The study found longer terms in office increase the likelihood a candidate uses serifs and script or handwriting over sans serifs. Incumbency accounts for 8% of variation in typeface family for last names in logos.
The look of politics today is sans serif, with 69% of candidates using them in 2020, including majorities from both parties. Still, serifs are seen as more conservative and Republicans are more likely to use them, the study found. Republicans are also likelier to use them as the competitiveness of their race increased.
Democrats are more likely to use sans serifs.
Female candidates are more likely than male candidates to put their first names in their logos, and they’re also more likely to use script or handwriting. In fact, women often write only their first name in script and use a different type family for the rest of the logo. A woman’s name in a typeface that reads feminine shouts her gender proudly. "Without a female first name on a sign, voters might assume that the candidate is male,” the study found.
“Not everybody puts their first name on their sign,” Haenschen said. “One of our consultants pointed out that if he’s working with a female candidate, he definitely wants to put the first name on the sign, because in Austin, Texas, being a female candidate in a Democratic primary will help you get more votes, so he wants the voters to know, hey, this candidate is a woman.”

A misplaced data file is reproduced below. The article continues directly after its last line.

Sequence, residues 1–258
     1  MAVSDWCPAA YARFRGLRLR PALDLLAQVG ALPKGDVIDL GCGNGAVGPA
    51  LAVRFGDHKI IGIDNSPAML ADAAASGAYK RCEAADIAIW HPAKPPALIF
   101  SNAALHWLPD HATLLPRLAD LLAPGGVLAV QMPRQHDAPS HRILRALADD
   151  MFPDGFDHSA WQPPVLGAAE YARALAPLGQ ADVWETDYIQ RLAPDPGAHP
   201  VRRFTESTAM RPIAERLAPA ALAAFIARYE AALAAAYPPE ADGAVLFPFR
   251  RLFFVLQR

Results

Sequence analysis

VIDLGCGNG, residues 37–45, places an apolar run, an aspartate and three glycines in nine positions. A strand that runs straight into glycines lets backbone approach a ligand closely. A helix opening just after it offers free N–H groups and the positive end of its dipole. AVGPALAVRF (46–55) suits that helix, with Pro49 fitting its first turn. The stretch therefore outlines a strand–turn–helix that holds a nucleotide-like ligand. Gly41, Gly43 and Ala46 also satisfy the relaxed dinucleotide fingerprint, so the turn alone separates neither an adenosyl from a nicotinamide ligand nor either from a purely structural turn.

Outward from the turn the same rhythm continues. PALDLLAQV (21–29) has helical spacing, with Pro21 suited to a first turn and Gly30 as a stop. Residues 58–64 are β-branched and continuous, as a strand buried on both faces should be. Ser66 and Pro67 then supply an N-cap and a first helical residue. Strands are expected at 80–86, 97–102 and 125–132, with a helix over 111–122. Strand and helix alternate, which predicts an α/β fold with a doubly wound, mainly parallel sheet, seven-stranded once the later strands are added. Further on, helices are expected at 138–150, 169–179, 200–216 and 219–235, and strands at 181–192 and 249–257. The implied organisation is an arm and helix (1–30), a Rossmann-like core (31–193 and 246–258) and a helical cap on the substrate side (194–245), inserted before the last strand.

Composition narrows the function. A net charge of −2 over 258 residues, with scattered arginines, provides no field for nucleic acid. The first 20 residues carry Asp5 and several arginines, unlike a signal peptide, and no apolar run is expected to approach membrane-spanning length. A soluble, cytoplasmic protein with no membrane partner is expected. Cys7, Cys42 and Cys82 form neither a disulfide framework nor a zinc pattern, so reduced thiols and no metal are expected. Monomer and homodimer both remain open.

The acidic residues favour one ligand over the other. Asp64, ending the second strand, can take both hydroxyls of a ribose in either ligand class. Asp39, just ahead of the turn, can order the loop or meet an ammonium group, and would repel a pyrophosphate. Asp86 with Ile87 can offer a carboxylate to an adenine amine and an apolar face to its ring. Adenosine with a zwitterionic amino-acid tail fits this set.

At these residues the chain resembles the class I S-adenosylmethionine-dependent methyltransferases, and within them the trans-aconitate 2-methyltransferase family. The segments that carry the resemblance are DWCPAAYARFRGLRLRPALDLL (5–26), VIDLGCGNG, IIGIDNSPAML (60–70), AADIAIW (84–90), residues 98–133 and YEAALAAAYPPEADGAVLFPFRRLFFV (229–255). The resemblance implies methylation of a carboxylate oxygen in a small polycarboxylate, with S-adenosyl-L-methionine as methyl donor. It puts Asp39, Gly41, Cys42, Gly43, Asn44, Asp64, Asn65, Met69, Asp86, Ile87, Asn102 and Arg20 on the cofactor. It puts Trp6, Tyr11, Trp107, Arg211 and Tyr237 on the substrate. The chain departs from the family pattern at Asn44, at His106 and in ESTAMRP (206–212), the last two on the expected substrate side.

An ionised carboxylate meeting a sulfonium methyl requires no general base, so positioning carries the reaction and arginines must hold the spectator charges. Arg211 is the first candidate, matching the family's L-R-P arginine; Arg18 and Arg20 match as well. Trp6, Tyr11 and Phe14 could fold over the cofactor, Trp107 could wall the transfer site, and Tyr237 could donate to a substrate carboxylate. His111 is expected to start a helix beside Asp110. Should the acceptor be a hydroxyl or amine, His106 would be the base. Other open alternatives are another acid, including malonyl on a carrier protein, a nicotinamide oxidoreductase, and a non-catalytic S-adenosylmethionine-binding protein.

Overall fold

But even Republican candidates use the style, like Rep. Jaime Herrera Beutler of Washington, who’s “distinguishing herself, like marking herself as a woman, and doing so with an aesthetic choice that has a femininity implied to it,” Haenschen said.
The study found male candidates are significantly more likely to use slab serifs, which one Texas designer said feel “folksy.”
One category that didn’t make a difference in type selection was geography. The study found no meaningful evidence of typeface variation based on region or population density. Despite regional political differences, font trends, it seems, are nationalized.
The study did find, however, that candidates are more likely to include their first names in their logos as population density increases, which could say something about the candidates who run in cities and urban areas.
Above all, political designers are designing for functionality. Most of these signs aren’t headed to a museum, they’re going on the side of a highway, and their job is to promote a candidate.
“They’re not designing for pure aesthetics,” Haenschen said. “It has to be clear, it has to work in a multitude of formats. Ideally it works in black and white or monochromatic prints as well was full color. It has to work on a sign, a button, a shirt, a website, and it has to convey the person’s name, then beyond that, it needs to convey qualities about that person.”
Designers can make choices about whether to include first and last names, but they’re limited to working with the letters they got.
“You can’t do anything about the name,” Haenschen said. “That’s your canvas.”